The volunteer fire company of Chincoteague, Va., has its share of cowboys; and the island village of nearly 3,000 is glad, as are visitors from around the globe who crowd the tiny resort area each July.
After the release of Marguerite Henry’s beloved children’s book of 1947, “Misty of Chincoteague,” its sequels and a 1961 Disney movie, Chincoteague shot to worldwide fame. What charmed readers was the village’s wildly popular pony swim and the Saltwater Cowboys who herd the wild horses.
The book begins with an account of a centuries-old wreck of a galleon on the shores of nearby Assateague Island. The Spanish mustangs in the hold swam to safety and became feral as time passed. Fast-forward many decades and brother and sister Paul and Maureen Beebe earn money to buy Phantom, a Chincoteague mare whose foal is Misty, the titled pony. Other events follow, including a race which Phantom wins; but to the dismay of the children, she then swims back across the narrow channel to Assateague, to follow the siren song of a stallion.
In 20th century real life, several catastrophic fires in Chincoteague motivated the community to update its woefully lacking firefighting equipment. In 1925, during an annual roundup designed to thin the wild herds on Assateague Island — a 37-mile long barrier island, two-thirds of which belongs to Maryland and one-third of which lies in Virginia — the fire company held a carnival to raise the needed funds. Over 15 wild colts were sold to benefit the department, making the carnival a huge success. Bolstered by the positive response, it continued to hold the carnival annually and in 1947 started its own herd by purchasing ponies from local owners. That herd, too, was moved to Assateague, where the government allowed publicly owned herds to graze on newly established Chincoteague National Wildlife Refuge.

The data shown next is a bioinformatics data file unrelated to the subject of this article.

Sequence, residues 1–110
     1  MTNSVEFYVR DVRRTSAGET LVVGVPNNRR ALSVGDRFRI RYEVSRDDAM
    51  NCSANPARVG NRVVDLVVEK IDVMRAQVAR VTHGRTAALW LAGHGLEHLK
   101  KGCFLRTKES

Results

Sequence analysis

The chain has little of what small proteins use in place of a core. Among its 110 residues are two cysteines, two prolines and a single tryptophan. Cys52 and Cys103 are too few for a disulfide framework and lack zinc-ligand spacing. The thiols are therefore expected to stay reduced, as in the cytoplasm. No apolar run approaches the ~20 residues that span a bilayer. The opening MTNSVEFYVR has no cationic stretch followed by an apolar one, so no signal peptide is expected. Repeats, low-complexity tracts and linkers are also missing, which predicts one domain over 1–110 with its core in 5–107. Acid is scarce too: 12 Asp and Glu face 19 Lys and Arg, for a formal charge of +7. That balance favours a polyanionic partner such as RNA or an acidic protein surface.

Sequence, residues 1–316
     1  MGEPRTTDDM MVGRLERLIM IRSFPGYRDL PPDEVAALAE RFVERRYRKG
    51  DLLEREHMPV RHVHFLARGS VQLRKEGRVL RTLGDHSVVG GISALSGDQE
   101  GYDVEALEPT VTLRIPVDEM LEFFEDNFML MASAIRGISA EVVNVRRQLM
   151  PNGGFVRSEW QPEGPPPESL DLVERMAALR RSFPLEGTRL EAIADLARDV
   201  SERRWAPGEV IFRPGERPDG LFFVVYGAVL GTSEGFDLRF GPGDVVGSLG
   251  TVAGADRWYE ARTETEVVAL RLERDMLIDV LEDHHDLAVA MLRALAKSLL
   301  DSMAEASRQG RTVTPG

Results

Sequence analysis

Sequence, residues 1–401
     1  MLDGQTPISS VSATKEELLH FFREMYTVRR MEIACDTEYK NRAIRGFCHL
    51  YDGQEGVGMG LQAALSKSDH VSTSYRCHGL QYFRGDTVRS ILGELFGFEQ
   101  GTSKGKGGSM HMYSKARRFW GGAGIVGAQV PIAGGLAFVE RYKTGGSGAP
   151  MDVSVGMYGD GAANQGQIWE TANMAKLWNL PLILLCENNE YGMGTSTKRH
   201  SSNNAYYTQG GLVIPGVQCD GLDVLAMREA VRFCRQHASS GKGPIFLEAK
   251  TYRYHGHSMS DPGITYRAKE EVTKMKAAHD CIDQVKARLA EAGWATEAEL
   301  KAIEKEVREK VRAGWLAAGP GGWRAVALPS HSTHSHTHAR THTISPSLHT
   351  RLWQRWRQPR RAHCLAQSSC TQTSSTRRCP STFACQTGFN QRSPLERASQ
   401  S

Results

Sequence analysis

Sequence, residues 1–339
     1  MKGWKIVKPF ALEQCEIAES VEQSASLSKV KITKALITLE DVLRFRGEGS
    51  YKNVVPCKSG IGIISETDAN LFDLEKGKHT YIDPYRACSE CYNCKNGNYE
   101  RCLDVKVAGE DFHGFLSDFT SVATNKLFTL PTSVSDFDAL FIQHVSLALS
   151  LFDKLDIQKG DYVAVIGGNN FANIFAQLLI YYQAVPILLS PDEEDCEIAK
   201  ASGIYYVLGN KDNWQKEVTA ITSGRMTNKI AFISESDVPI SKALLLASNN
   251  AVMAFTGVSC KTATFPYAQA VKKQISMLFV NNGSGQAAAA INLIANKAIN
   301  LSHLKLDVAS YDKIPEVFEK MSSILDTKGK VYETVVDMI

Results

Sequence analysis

Each July a roundup of the horses takes place during what’s called “Pony Penning Days.” It’s done by riders affectionately termed “Saltwater Cowboys,” during a slack tide. The horsemen and horsewomen transport their own mounts across the channel from Chincoteague to Assateague, herd the wild ponies into the water and ride with them back across the low, narrow channel to Chincoteague. The foals are auctioned off and proceeds go toward the volunteer fire company to purchase firefighting gear and veterinary care for the horses.
Lieutenant John Lewis of the Chincoteague Volunteer Fire Company is the co-chair of the committee that oversees the ponies. He grew up around the fire department and ponies.
“My grandfather, father and I have all been Saltwater Cowboys, and this tradition is carried on generation after generation, which makes this group one big family,” said Lewis, a member of the department since 2004. “The Saltwater Cowboys are made up of fire company members and volunteers. They’re all skilled and experienced riders who come from all over and are always willing to help. It’s like a big homecoming to see everyone who helps out at the roundups, putting in countless hours to make sure the ponies are cared for and everything goes off without a hitch. They really give the community that small-town feel and always welcome others.”
According to Lewis, the most memorable pony penning was in 2013. A big storm rolled in seemingly from nowhere, right when the cowboys were putting the ponies in the water.
“It was raining very hard with lightning and strong winds, making it difficult to see. This was an extremely dangerous situation when you’re trying to control 150 ponies down a marsh line to the swim site. You have a huge crowd of people watching the swim standing in the marsh, on boats, in the water, and we were on our horses, which were standing in water up to their chests. The storm came up so fast no one had time to shelter.”
The squall passed after only 15 minutes, but it produced one of the coldest rains Lewis had ever felt. He considers it very fortunate that no one was hurt during that penning.
A tragedy did occur last May, however, when the most popular and legendary horse since Misty, Surfer Dude, a stunning chestnut stallion, was discovered dead in a remote clearing. His death was attributed to a very harsh winter that took its toll on the herd.